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Missing details are no accident

VITAL information on serious workplace accidents could be being missed because of an agreement between two of WA’s peak workplace injury bodies, WorkCover and WorkSafe.

WorkCover receives information from insurers that identifies when serious work-place accidents have occurred.

But it only passes that information on to WorkSafe – the body charged with investigating and enforcing workplace safety – in very broad terms.

There are no specific details, such as when or where the accident occurred.

WorkSafe uses that information for targeted inspections but these inspections are aimed at problem industries – not individual businesses.

It is understood an agreement was struck between the two organisations in 1987 that WorkSafe would not use information gleaned directly from WorkCover to prosecute businesses that failed to report accidents.

It is an offence under the Occupational Health and Safety Act if a business fails to report an accident that results in certain types of injuries or a fatality.

WorkCover executive director Harry Neesham said his organisation wanted to protect the integrity of the data it collected.

It uses that information to set workers’ compensation premiums.

WorkSafe must be notified of injuries such as:

p a fracture of the skull, spine or pelvis;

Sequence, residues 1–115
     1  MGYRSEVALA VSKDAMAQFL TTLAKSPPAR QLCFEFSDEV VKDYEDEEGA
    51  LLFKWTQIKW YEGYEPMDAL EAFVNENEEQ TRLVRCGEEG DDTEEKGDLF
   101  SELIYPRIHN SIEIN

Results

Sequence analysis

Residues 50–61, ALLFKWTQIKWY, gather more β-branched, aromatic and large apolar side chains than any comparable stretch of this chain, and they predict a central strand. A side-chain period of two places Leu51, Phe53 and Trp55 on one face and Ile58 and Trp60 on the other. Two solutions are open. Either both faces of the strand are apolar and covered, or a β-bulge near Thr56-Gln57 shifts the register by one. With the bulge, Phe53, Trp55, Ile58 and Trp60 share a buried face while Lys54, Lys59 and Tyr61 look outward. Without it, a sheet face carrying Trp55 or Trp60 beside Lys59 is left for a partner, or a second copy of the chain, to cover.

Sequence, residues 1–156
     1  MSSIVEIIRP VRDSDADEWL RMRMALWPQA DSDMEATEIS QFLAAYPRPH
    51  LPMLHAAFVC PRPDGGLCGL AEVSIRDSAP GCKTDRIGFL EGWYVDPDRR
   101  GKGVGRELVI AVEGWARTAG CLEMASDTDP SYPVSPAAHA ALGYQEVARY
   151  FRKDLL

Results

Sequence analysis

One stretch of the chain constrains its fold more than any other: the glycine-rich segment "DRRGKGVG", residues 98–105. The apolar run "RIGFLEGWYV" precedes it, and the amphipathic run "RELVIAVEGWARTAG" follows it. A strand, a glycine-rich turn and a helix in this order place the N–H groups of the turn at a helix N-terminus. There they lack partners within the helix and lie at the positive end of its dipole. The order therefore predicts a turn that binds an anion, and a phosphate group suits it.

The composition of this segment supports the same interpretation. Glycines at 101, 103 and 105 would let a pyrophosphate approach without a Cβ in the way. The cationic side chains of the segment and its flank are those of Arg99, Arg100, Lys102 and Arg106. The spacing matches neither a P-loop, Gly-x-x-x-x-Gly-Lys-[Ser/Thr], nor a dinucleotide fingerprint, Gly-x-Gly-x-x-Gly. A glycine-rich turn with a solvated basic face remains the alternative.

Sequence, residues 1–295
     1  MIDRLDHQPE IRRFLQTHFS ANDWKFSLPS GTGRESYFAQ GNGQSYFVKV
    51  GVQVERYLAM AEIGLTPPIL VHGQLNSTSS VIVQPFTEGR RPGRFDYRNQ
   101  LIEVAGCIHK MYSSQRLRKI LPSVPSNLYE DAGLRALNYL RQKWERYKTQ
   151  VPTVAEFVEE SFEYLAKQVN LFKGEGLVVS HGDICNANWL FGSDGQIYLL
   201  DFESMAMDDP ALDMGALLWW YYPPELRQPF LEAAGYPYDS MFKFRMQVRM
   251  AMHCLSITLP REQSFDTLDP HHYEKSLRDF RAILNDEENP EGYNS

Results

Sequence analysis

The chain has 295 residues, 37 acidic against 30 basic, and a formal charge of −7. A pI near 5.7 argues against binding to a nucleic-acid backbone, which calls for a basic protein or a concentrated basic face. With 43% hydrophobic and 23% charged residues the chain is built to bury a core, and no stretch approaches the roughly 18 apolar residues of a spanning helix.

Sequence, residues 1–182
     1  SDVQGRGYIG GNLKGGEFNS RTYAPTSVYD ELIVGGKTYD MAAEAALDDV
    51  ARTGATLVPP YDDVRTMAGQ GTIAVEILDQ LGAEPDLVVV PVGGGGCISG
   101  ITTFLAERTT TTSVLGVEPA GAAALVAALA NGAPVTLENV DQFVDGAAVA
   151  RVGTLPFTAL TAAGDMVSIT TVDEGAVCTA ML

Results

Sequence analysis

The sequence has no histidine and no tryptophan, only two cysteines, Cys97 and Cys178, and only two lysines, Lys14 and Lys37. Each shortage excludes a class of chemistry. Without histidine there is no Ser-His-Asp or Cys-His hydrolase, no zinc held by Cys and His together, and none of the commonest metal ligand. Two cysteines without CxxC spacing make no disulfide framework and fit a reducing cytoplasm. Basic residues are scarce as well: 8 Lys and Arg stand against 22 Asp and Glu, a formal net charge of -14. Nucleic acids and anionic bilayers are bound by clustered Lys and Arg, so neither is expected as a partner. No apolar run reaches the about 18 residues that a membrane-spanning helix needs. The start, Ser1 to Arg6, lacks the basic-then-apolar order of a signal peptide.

p a fracture of any bone in the arm other than the wrist or hand, or in the leg other than a bone in the ankle or foot;

p an amputation of an arm, hand, finger, finger joint, leg, foot, toe or toe joint;

p the loss of sight in an eye; or

p any other injury that, in the opinion of a medical practitioner, will prevent the employee from being able to work within 10 days of the day on which the injury occurred.

The maximum penalty for failing to report such accidents to WorkSafe is $25,000.

Department of Consumer and Employment Protection acting director general Brian Bradley said the incidence of non-reporting could be as high as 80 per cent.

Kohlen Joinery was the company most recently charged for not reporting an accident.

It was fined $2,500 for two cases of not reporting accidents to WorkSafe and another $4,000 in relation to operating machinery without proper guarding.

It appears most employers are unaware of their duty to report accidents to WorkSafe.

They make a workers’ compensation claim to their insurer and often believe that is the end of their responsibilities.

To address this, Rob Guthrie included three recommendations to address this in his Report on the Implementation of the Labor Party Direction Statement in Relation to Workers’ Compensation.

Mr Guthrie suggested that: WorkCover reported poor performers to WorkSafe; that WorkSafe set criteria to identify poor safety performers; and WorkCover should inform WorkSafe whenever companies had surcharges applied to their workers’ compensation premiums.

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